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Pediatr Nephrol. 1996 Dec;10(6):705-8.

Incidence of microalbuminuria in children with pyelonephritic scarring.

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Department of Pediatrics, St. Göran's Children's Hospital, Stockholm, Sweden.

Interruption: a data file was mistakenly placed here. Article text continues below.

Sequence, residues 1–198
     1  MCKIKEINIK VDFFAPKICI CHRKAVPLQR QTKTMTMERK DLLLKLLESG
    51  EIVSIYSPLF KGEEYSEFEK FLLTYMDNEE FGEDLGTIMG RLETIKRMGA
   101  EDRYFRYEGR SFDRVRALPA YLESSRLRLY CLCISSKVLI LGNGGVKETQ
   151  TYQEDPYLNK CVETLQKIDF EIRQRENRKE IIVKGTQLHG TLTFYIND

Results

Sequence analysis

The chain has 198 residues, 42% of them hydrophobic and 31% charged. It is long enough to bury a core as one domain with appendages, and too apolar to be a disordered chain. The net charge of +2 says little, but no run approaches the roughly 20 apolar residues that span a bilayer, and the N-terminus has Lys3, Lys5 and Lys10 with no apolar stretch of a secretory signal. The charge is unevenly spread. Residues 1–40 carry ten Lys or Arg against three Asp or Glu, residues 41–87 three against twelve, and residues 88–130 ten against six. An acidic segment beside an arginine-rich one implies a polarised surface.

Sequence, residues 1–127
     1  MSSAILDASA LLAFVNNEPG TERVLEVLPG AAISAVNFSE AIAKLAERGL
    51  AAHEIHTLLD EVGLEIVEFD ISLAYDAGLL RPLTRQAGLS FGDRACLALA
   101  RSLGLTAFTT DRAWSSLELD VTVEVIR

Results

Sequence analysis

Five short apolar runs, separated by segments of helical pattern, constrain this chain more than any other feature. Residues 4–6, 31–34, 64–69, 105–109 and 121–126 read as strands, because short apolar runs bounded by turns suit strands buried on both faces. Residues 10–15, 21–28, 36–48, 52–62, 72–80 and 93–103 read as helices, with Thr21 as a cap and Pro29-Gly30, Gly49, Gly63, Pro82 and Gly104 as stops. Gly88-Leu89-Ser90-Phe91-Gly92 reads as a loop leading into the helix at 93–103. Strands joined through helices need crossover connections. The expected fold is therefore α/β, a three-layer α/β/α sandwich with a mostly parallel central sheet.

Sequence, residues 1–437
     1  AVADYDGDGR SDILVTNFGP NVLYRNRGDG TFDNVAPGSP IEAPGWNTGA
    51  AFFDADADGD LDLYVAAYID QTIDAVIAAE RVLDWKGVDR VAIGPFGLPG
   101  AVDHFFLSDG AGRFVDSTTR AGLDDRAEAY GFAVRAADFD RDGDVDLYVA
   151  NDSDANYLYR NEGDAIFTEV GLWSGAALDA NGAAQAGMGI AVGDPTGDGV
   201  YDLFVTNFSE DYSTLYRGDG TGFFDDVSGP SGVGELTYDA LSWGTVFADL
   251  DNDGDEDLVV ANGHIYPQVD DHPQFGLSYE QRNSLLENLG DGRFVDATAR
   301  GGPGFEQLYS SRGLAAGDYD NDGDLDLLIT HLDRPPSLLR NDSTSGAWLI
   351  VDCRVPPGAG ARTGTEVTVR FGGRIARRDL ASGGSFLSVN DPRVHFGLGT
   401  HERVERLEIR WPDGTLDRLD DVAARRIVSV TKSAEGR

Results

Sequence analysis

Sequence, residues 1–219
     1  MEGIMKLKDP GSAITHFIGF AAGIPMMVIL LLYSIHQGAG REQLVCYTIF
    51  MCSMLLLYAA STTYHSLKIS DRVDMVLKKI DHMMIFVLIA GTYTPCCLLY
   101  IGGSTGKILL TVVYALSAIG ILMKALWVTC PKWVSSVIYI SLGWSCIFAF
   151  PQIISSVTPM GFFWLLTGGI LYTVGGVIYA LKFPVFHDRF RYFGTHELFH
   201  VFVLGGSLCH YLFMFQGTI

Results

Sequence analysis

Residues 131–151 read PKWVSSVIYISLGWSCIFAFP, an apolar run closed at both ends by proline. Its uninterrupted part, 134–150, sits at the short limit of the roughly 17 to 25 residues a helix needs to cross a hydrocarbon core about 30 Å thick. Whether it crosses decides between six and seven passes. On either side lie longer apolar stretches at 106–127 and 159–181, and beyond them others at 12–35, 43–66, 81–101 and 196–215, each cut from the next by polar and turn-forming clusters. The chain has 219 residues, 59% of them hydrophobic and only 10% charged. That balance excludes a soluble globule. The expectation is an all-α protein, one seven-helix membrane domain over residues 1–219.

There is experimental evidence that loss of renal parenchyma results in hyperfiltration in the remnant glomeruli followed by development of glomerulosclerosis. Microalbuminuria, i.e., a urinary albumin excretion rate of 20-200 micrograms/min, is considered to be an early predictor of diabetic glomerulosclerosis. Hypothetically, increased urinary albumin excretion in patients with pyelonephritic scarring may also indicate glomerulosclerosis, with risk for future deterioration of renal function. This study was performed to determine the incidence of increased albumin excretion in children with mild to moderate pyelonephritic scarring, and to relate the information to glomerular filtration rate (GFR; clearance of inulin) and effective renal plasma flow (clearance of para-aminohippuric acid), as well as to the degree of scarring. The functional investigations were performed under water diuresis. Fifty-seven children, aged 1.7-17.9 years, with pyelonephritic renal scarring were included in the study. Nine young healthy adults were used as controls. The GFR was significantly lower in the children with pyelonephritic scarring than in the controls (median 93 ml/min per 1.73 m2, range 48-133 vs. 111 ml/min per 1.73 m2, range 89-121, P < 0.05), and the urine albumin excretion was significantly higher (median 20 micrograms/min per 100 ml GFR, range 0.8-170 vs. 9.2 micrograms/min per 100 ml GFR, range 3.3-21, P < 0.05). An inverse correlation was found between urine albumin excretion and GFR. Increased urine albumin excretion was found in 70% of the children with a GFR below 90 ml/min per 1.73 m2 compared with 41% of the children with a GFR above this level. Increased urine albumin excretion (> 20 micrograms/min per 100 ml GFR) was found in 51% of the children with pyelonephritic scarring, while only 14% had increased age-adjusted serum creatinine concentrations. The high incidence of microalbuminuria in children with pyelonephritic scarring indicates long-term follow-up until the ultimate outcome has been better defined.

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